3D now conquering gaming laptops too

Sunday, October 3, 2010

BERLIN - Right in the thick of it: It’s a feeling craved by more than just movie fans watching the latest 3D flick. Gamers joined the ranks of 3D adventurers some time ago. The new wrinkle is that the 3D action can now be enjoyed on the go, using laptops instead of a home PC.

There still aren’t many manufacturers outfitting their laptops with 3D screens and compatible graphics cards. Yet the range of offerings is growing every day. The fact that the technology is still in its infancy hasn’t scared away hardcore gamers. That’s because the thrill of stereoscopy, as the technology is called, is a big one.

“The technology works astoundingly well for games,” says Thomas Rau from Germany’s PC Welt magazine. The reason: Games already contain special depth information that can be used for 3D depictions. “There are no fundamental differences between 3D games and older ones,” Rau explains.

For this reason, the trip into the third dimension doesn’t necessarily require games programmed specifically for that purpose. The “3D Vision Ready” label seen on some games only means that menus and film sequences between the interactive play are also 3D.

For spatial depictions to work on a laptop, the display must have an image refresh rate of 120 hertz and a special graphics card. Special glasses are also needed for the 3D effect to be visible, using either shutter or polarisation technology. All of this makes 3D laptops relatively expensive. Rau pegs the added costs for 3D functionality at around $200 to $500 when compared with other comparably equipped laptops. Prices for a 3D laptop start at around $800.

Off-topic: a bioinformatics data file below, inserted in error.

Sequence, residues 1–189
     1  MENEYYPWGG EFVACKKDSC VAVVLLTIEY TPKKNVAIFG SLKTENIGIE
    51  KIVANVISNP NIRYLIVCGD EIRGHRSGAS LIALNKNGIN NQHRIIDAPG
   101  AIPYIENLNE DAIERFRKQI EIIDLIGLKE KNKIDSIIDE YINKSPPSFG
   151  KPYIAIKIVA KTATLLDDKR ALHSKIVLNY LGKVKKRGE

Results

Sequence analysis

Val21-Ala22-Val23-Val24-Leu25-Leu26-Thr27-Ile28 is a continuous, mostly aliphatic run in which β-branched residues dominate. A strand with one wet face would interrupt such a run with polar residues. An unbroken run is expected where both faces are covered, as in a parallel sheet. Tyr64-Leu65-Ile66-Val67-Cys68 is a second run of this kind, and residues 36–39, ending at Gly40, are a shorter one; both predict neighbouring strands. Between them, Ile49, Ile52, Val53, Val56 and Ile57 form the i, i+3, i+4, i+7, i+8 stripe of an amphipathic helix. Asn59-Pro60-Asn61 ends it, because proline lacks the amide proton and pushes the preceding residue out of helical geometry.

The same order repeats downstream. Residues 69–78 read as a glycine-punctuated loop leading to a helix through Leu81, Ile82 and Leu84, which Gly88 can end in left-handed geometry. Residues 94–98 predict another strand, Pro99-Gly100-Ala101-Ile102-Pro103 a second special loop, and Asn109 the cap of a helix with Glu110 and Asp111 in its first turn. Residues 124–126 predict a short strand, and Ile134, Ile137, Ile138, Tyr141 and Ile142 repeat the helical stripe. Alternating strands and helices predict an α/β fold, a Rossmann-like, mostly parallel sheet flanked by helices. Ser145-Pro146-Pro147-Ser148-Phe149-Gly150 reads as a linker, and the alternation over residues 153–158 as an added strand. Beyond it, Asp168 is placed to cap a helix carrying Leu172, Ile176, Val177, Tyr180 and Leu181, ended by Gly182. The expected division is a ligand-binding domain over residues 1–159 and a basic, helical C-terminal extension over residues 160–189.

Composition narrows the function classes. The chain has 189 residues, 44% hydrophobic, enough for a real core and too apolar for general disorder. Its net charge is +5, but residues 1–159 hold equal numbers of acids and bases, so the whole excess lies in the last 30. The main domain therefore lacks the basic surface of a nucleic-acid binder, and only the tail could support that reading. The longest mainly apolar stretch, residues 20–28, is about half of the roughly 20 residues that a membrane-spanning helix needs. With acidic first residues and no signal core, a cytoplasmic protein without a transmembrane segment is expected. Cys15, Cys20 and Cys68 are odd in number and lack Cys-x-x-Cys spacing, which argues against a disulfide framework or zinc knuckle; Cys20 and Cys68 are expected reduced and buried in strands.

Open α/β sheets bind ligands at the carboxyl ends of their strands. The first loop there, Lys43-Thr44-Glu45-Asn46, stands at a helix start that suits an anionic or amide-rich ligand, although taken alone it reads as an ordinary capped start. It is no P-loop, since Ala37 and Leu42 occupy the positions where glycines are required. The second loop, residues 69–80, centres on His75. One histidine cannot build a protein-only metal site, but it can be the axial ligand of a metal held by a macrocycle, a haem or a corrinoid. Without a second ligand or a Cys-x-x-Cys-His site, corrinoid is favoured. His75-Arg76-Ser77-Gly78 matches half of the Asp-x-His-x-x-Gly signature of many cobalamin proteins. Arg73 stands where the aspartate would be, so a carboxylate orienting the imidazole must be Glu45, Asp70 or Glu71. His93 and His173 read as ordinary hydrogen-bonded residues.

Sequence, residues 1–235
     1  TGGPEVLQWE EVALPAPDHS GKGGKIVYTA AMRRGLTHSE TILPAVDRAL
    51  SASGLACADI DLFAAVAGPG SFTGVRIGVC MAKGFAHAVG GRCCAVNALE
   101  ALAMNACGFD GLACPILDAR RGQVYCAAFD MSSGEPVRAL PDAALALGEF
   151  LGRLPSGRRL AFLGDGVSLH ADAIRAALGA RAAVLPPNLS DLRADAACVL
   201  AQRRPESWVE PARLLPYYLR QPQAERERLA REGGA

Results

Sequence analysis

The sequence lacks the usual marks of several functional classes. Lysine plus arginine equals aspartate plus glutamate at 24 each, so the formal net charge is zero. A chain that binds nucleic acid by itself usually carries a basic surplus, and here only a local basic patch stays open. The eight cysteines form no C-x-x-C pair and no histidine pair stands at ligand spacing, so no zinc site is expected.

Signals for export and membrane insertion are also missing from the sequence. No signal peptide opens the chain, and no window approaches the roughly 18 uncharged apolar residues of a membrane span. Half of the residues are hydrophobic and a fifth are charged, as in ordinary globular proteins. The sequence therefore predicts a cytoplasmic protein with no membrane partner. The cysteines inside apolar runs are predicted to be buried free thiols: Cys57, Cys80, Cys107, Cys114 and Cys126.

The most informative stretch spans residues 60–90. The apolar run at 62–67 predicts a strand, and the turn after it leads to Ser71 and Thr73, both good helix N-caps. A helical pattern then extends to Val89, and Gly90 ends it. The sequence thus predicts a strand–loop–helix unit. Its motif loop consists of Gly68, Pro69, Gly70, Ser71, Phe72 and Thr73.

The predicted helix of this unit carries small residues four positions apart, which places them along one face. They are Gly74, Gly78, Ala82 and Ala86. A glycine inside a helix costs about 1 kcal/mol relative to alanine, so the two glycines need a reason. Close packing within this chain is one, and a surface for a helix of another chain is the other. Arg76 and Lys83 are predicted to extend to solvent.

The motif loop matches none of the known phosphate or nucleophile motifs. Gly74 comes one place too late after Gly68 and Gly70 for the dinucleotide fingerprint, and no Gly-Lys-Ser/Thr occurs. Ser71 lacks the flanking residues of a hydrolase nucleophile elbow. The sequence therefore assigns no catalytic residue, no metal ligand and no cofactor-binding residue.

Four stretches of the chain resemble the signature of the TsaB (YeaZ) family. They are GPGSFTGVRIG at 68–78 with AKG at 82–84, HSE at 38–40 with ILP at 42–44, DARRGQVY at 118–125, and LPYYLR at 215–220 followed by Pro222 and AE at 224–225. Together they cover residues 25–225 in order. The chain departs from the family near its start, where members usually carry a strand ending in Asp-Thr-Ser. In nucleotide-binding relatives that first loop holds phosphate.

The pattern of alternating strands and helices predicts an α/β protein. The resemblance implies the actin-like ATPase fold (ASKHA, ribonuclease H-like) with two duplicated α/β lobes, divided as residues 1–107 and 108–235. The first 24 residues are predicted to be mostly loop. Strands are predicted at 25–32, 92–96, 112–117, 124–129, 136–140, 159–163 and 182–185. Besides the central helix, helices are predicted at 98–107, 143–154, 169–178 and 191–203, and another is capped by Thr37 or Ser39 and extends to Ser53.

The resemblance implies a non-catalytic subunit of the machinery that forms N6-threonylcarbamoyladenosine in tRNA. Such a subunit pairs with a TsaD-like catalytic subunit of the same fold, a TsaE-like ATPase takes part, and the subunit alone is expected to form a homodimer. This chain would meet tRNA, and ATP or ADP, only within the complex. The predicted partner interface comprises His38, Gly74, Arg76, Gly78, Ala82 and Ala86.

Acer will be bringing its third generation of 3D laptops onto the market this autumn. The devices dubbed Aspire 5738DG include a 15.6 inch, 120 Hertz display and work with shutter glasses. The manufacturer’s previous series used polarisation technology.

The Aspire 5745DG configuration with an Intel Core i5 processor and Nvidia Geforce GT425M graphics card will cost around $1,000. Moving images from an optional Blu-Ray drive can be transmitted to a television using a HDMI port. Asus, Toshiba and MSI

all have comparable laptops coming in their future.

Sony is planning a 3D laptop for spring 2011. It will use the same 3D technology as the Bravia line of TVs, says spokeswoman Silke Bernhardt. A Full HD display will be included. Communication with the shutter glasses will be run via an infrared transmitter, built into the display frame.

Autostereoscopic displays - displays that do not require accessories like glasses - have yet to hit the market. One problem with shutter glasses is that they darken the image. A recent test of TV devices by German computer magazine c’t found that the glasses significantly lower the brightness of the display.

Filed under: Science and Technology

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